You can easily install 2 or more cFos Power Brain Wallboxes. One is then the load manager, ie master (the cFos Charging Manager is already integrated in the cFos Power Brain Controller) and the other(s) "slaves". Then you set, for example, 11kW or more as the house connection power and the power is divided dynamically depending on whether 1 or 2 cars are charging. In other words, as long as there aren't really charging in several phases or in different phases, the charging car gets full power.
You can also connect an intermediate meter that measures the power consumption of your house (without wall boxes). In this way, you could make the entire house connection available to the store when it is not needed in the house.

Yes. The Tesla Wall Connector Gen 2 has an RS485 two-wire interface with which it can be remotely controlled as a slave.

Attention: The newer Tesla Wall Connector Gen 3 cannot be controlled remotely at this time.
Tesla plans a software update at a later date. However, this is currently not available.

You can use the RS485 interface to connect several Tesla Wall Connectors Gen 2 to a bus and connect them to the RS485 interface of the cFos Power Brain Controller; then you can set up Tesla Wallboxes in the cFos Power Brain Controller under "Load management". Our integrated charging manager can then dynamically distribute the available charging power to all charging stations through load management.
Note: With newer Tesla Wall Connector Gen 2, the cFos Power Brain controller can also evaluate and display the charging current actually used and the total kWh consumed.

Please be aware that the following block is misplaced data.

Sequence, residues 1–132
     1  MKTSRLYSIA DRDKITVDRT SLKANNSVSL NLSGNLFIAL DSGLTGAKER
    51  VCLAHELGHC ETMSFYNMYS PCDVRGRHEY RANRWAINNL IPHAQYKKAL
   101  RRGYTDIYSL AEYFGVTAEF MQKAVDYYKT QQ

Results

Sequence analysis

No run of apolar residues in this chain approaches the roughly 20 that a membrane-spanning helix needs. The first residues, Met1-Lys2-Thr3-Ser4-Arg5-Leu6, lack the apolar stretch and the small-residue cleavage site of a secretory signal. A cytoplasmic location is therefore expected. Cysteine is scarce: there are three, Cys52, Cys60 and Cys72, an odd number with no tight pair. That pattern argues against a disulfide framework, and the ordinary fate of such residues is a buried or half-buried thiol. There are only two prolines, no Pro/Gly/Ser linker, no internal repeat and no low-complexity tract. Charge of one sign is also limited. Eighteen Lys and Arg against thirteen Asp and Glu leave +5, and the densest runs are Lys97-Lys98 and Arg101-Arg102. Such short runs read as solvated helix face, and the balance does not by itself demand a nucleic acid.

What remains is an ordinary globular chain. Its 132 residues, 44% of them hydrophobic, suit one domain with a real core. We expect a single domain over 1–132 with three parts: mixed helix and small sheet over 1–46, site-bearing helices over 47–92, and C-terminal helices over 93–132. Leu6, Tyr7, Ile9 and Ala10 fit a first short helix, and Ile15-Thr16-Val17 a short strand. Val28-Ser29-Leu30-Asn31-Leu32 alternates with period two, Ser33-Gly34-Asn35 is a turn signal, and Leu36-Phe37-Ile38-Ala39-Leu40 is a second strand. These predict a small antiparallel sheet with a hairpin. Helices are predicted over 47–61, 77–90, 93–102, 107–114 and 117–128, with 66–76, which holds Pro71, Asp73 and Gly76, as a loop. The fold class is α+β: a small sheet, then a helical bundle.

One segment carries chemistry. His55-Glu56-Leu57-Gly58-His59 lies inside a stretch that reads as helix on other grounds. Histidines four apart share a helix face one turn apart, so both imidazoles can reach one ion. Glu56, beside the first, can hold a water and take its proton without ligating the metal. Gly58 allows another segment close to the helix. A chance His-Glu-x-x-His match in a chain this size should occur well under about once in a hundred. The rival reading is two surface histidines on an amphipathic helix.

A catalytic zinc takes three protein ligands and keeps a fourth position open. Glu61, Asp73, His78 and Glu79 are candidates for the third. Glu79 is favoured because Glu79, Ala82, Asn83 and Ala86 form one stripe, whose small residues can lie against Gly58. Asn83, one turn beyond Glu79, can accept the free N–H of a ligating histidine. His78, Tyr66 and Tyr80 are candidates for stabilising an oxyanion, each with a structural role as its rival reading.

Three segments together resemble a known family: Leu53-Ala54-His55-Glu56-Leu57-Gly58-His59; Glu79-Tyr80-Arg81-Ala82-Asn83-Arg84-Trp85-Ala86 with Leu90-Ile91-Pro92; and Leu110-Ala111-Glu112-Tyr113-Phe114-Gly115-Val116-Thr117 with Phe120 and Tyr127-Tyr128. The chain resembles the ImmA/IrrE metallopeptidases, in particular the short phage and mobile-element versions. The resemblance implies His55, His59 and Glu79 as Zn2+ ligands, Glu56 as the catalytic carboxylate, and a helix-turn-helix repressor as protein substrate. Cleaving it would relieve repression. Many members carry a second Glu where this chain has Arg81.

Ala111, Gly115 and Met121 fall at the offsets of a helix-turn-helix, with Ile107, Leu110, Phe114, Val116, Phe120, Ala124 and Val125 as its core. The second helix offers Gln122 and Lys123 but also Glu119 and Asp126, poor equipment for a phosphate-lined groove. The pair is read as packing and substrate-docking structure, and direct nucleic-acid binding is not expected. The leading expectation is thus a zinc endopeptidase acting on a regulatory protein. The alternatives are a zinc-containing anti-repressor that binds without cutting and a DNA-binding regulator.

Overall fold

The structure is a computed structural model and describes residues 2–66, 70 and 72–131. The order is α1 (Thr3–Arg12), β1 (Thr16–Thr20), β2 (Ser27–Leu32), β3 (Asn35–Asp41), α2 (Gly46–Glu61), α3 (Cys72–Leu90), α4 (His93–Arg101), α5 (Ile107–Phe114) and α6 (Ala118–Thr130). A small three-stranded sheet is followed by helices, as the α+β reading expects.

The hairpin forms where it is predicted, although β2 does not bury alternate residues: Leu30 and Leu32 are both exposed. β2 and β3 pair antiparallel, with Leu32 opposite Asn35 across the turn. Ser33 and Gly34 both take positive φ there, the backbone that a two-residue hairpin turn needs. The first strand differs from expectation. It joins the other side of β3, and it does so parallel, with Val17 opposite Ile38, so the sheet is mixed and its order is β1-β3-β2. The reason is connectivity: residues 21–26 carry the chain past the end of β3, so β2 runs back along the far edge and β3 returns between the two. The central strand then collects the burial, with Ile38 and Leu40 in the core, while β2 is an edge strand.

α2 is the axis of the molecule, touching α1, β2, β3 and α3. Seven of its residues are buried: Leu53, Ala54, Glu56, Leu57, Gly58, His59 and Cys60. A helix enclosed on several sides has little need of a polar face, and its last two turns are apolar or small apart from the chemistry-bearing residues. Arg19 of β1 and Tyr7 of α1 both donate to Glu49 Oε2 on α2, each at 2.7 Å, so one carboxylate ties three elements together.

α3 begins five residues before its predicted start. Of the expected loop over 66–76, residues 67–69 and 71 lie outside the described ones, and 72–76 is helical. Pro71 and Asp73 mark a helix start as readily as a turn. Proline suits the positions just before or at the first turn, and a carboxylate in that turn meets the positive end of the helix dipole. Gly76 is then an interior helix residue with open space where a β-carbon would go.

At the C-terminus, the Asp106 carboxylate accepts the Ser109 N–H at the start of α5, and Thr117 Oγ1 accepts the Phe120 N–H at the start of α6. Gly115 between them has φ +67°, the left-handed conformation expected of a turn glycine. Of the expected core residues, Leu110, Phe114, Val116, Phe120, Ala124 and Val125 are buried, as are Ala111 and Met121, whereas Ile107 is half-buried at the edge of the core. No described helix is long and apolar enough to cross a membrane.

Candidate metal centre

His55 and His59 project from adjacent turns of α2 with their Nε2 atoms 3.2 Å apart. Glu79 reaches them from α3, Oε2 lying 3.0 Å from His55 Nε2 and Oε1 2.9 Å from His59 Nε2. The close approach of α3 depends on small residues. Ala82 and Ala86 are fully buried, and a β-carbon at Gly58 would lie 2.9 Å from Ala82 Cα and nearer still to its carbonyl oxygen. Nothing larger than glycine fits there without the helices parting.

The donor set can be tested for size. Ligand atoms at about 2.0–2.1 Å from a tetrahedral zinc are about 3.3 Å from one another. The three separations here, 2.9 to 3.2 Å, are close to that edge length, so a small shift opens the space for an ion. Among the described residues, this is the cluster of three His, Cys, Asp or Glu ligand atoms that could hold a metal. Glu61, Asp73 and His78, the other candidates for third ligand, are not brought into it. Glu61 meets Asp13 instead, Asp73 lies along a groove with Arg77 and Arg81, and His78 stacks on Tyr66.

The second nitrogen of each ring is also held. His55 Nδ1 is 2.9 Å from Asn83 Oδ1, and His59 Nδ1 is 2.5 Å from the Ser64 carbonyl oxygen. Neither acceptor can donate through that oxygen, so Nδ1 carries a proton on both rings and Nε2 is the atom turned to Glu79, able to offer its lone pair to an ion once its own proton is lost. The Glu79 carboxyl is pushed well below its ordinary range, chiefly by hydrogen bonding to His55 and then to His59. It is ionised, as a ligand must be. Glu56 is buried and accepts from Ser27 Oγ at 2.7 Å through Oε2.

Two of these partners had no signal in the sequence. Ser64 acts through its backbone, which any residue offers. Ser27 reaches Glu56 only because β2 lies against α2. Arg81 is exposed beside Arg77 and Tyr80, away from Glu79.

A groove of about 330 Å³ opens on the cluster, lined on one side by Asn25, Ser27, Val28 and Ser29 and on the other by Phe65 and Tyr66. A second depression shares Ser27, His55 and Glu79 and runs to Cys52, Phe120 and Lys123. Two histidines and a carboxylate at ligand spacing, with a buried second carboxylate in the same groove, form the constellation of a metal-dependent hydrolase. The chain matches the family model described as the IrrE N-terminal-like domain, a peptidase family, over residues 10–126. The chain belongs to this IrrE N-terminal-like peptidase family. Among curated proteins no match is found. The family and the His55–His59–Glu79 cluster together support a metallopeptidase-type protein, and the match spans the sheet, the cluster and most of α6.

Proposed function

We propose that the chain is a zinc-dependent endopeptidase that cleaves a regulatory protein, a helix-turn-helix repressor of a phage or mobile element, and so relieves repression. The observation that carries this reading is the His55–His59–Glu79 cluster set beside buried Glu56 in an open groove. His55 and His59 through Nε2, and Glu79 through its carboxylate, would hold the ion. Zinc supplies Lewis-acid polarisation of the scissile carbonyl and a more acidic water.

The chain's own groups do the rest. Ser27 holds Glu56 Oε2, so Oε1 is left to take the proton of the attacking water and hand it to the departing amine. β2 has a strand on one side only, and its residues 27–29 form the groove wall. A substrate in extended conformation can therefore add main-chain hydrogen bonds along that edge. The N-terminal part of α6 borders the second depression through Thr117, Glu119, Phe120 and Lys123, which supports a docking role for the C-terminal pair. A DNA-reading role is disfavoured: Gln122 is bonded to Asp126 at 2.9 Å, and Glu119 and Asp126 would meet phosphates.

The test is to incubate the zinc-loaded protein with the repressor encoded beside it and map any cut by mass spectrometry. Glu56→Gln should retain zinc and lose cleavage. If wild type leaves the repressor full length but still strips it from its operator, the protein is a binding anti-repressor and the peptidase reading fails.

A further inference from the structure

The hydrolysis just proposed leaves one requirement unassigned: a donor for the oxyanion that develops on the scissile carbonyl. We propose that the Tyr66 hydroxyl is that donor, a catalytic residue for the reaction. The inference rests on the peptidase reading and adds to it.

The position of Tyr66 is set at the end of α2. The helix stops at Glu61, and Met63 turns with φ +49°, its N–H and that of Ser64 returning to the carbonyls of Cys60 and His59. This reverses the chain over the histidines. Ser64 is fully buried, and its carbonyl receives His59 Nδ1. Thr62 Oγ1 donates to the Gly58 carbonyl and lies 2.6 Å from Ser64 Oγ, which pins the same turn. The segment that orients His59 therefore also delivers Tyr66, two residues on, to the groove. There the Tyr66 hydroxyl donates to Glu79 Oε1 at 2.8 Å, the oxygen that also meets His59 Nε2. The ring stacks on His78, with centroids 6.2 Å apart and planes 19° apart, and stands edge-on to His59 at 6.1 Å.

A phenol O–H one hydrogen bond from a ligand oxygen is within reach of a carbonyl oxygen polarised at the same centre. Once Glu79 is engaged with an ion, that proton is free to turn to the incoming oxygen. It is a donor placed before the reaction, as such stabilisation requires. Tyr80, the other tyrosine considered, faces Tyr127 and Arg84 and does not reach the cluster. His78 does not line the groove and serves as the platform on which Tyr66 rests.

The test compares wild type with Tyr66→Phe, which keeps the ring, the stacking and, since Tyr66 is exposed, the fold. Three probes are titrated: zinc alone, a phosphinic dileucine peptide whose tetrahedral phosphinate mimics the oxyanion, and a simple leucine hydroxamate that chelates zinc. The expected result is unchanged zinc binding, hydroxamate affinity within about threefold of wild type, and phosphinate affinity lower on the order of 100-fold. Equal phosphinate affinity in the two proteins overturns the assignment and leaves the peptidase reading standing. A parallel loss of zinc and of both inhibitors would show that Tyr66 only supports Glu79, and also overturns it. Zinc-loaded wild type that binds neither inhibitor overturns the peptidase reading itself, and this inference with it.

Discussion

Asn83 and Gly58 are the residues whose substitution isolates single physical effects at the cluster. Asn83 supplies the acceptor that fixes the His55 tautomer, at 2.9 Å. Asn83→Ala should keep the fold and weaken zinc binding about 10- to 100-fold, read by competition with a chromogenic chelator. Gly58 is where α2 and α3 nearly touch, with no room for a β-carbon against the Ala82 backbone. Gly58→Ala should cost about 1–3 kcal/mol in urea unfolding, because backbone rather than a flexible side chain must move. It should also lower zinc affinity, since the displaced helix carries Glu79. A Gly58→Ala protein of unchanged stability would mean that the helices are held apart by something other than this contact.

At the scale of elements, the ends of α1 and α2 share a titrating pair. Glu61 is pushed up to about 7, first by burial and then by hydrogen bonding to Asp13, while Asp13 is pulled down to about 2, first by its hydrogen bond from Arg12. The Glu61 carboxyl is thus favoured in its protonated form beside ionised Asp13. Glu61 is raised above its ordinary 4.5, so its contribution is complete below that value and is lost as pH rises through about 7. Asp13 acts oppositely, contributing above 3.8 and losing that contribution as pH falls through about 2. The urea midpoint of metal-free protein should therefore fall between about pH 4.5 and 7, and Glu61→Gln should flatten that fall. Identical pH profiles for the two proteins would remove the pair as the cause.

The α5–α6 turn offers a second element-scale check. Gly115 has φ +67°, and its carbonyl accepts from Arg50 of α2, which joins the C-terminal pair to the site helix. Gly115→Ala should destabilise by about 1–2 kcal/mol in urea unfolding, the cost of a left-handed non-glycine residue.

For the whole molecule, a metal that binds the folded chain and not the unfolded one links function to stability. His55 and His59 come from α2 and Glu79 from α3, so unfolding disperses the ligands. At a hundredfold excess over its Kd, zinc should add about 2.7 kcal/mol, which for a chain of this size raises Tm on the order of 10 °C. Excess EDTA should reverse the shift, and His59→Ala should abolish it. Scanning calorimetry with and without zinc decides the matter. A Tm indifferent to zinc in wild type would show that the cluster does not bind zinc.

In the description of the cFos Charging Manager (integrated in the cFos Power Brain controller or available as a software solution for Windows and Raspberry Pi) you will find a (constantly expanding) list of the currently supported EVSEs. In addition, all EVSEs that have sufficient OCPP 1.6 functionality are supported.

The cFos Power Brain controller has a web interface that allows you to enable charging and set the maximum charge current. You can access the cFos Power Brain controller's hotspot from your computer and cell phone using your browser. Alternatively, you can also connect the cFos Power Brain controller to your home network via WLAN and then access the Web interface from your home network

Yes. You can set the maximum charging power in W in the settings of the EVSE. The maximum charging current is then effectively signaled to the car in approx. 1% steps. So you are in full control. When load management is activated, the charging manager determines the current to which the EVSE is entitled every few seconds.

Some electric cars are put into a standby mode after some time without charging. Example: the car is connected to the EVSE, but charging is not enabled due to a charging rule. Later, when the charging rule is fulfilled and the car is in standby mode, charging does not start by itself.

In principle, the cFos Power Brain wallbox can wake up cars from standby mode. We are currently collecting empirical values on this. If you would like to test this function, please contact us!

You can test whether a car is "awake" in standby mode if you first deactivate "Charge" under the menu item "cFos Power Brain Configuration" and deactivate the EVSE, ie turn off both switches. Now wait 30 seconds and switch both on again.

Does the car wake up?

Putting the car into standby mode can probably be done by setting the charge current to 0mA and waiting until the car is in standby mode, then setting it back to 16A.